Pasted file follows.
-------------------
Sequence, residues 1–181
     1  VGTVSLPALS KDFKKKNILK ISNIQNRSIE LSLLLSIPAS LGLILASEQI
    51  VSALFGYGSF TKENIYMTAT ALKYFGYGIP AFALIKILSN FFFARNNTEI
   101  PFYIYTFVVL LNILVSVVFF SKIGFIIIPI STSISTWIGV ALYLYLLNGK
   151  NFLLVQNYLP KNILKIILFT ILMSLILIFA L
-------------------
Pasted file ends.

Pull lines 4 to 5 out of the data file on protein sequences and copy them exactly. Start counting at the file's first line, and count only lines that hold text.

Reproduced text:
   101  PFYIYTFVVL LNILVSVVFF SKIGFIIIPI STSISTWIGV ALYLYLLNGK
   151  NFLLVQNYLP KNILKIILFT ILMSLILIFA L